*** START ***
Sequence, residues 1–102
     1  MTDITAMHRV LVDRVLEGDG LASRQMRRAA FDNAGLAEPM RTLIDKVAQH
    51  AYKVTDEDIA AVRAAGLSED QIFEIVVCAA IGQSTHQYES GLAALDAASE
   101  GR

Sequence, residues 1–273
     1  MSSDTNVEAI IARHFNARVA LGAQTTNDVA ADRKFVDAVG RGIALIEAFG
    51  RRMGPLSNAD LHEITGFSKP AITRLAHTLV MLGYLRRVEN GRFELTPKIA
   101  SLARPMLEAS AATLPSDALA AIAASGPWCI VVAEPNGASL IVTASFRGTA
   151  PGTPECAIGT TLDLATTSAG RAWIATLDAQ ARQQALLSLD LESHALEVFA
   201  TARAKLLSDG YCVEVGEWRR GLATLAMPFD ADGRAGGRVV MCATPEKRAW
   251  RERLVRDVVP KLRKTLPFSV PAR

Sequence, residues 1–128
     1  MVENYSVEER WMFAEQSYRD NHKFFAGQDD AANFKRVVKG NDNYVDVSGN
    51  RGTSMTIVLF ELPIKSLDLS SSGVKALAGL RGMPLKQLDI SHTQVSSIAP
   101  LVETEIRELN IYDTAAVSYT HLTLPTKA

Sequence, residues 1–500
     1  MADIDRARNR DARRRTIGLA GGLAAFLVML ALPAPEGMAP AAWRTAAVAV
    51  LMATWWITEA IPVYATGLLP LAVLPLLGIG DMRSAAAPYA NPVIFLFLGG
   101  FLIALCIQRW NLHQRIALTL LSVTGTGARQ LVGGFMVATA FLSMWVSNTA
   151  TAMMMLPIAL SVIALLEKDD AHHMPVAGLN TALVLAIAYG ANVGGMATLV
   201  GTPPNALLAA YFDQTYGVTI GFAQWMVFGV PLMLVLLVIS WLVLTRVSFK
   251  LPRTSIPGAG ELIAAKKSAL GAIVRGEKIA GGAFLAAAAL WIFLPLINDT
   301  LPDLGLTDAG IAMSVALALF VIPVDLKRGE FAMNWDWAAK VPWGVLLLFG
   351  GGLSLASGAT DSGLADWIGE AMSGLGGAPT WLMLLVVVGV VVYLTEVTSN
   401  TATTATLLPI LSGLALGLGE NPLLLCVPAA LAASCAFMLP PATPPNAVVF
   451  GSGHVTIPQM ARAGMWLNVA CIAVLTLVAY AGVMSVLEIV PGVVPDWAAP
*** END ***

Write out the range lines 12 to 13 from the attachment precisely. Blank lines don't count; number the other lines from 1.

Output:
Sequence, residues 1–128
     1  MVENYSVEER WMFAEQSYRD NHKFFAGQDD AANFKRVVKG NDNYVDVSGN